In this chapter, you will study the nature and meaning of crime. You will also be introduced to the different categories and elements of crimes and the possible parties to a crime, and consider the various factors affecting criminal behaviour.
a causal link needs to be established between the accused and the act they are accused of
for example, if a person assaults another person by kicking them in the leg, and that person dies later that day, did the assault in some way cause the death, and if so, could it constitute manslaughter?
crimes can be categorised in many different ways, for example the type of offence, jurisdiction of offence, seriousness of the offence, or the level of involvement in the offence
in NSW, the Crimes Act 1900 (NSW) is the main statute where crimes are listed
the main categories and examples of crime in the Crimes Act are shown on the next slide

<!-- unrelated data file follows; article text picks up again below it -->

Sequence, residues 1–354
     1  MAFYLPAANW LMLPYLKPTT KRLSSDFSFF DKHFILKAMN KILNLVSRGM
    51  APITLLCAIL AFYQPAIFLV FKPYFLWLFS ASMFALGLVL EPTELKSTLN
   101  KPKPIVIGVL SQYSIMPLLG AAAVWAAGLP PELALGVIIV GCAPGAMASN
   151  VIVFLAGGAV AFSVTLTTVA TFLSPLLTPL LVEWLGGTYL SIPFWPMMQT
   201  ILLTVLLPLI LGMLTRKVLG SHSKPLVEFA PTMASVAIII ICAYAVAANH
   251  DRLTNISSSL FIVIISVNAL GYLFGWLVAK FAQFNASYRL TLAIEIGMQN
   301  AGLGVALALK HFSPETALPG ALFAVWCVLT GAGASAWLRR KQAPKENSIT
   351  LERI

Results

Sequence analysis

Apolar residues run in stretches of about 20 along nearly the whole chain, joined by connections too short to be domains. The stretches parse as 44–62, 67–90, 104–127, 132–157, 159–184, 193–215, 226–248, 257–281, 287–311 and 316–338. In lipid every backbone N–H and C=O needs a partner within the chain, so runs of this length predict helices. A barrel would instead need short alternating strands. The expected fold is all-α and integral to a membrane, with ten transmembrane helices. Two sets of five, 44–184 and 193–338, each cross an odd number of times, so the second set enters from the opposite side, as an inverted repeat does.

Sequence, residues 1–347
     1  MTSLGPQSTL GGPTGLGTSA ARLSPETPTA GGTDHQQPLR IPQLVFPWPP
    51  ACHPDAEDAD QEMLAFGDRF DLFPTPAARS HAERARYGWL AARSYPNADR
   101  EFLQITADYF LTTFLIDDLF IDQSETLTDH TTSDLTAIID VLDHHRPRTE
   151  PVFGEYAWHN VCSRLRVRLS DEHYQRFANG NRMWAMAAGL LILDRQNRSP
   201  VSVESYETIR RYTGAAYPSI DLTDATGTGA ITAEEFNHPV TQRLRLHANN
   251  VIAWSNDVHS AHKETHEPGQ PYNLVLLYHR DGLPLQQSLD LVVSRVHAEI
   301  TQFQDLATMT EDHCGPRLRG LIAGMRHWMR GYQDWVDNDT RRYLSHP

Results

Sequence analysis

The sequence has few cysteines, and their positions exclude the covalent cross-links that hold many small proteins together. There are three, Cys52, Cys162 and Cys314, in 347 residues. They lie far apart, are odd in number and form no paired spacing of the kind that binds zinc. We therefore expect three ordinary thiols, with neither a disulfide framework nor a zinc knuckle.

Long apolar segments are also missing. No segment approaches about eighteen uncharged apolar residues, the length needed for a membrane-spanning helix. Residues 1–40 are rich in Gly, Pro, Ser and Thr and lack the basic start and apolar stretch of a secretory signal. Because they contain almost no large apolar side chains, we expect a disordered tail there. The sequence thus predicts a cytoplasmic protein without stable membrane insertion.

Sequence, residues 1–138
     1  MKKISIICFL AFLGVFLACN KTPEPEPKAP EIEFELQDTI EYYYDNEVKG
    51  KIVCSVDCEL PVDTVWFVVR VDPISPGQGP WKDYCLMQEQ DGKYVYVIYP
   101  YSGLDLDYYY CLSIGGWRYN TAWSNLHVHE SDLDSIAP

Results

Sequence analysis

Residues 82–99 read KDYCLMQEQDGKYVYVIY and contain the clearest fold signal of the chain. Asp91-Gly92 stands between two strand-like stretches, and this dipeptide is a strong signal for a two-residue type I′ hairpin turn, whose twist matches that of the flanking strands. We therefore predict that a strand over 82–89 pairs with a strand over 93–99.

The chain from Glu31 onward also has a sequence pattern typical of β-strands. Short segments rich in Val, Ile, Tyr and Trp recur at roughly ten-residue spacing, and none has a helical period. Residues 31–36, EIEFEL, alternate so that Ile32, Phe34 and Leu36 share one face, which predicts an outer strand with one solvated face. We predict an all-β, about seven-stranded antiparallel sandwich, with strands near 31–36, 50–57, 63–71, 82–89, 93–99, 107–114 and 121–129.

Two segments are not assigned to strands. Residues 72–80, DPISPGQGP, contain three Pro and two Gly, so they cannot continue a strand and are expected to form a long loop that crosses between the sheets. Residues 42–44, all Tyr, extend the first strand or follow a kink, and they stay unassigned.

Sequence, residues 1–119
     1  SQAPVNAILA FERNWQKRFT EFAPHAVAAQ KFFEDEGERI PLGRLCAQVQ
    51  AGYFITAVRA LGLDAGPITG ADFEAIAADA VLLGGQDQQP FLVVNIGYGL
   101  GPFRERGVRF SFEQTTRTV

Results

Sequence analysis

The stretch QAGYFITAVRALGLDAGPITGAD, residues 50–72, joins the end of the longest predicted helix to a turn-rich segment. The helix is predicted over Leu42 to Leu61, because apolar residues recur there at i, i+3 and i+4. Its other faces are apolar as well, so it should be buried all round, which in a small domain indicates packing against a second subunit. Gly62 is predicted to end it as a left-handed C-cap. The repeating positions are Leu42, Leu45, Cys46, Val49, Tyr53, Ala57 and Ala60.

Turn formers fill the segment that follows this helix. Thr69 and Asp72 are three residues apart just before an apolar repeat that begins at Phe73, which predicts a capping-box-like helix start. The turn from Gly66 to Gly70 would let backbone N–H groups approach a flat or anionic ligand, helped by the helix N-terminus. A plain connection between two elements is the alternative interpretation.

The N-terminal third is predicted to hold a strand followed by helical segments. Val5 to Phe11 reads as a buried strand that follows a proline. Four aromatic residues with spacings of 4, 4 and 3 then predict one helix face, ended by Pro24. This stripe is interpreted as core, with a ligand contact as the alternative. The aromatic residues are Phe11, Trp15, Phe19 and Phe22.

Type of offence Examples Offences against the person Homicide, assault, sexual assault Offences against the sovereign Treason, sedition Economic offences Property offences, white-collar crime, computer offences Drug offences Trafficking, possession, use Driving offences Speeding, drink driving, negligent driving Public order offences Offensive conduct, obstructing traffic, affray, bomb hoaxes Preliminary offences Attempts, conspiracy Regulatory offences Breach of water restrictions, fire restrictions or public transport rules
summary offences are less severe offences heard and sentenced by a magistrate, without a jury
indictable offences are more serious, and can be heard by a judge and a jury
the characteristics of each type are summarised in the table in the next slide
Summary and indictable offences
Summary offence Indictable offence • a less serious offence that is tried by a magistrate in the Local Court • a more serious offence (such as murder, rape or robbery) tried by a judge and jury • the judgment and punishment are determined by a magistrate • the judgment is determined by a jury and the punishment is determined by the judge • the charge is usually laid by a police officer or government officer • the charge is brought by a public prosecutor working for the state • punishment is usually less severe, like a fine or good behaviour bond • the punishment will usually result in imprisonment or a hefty fine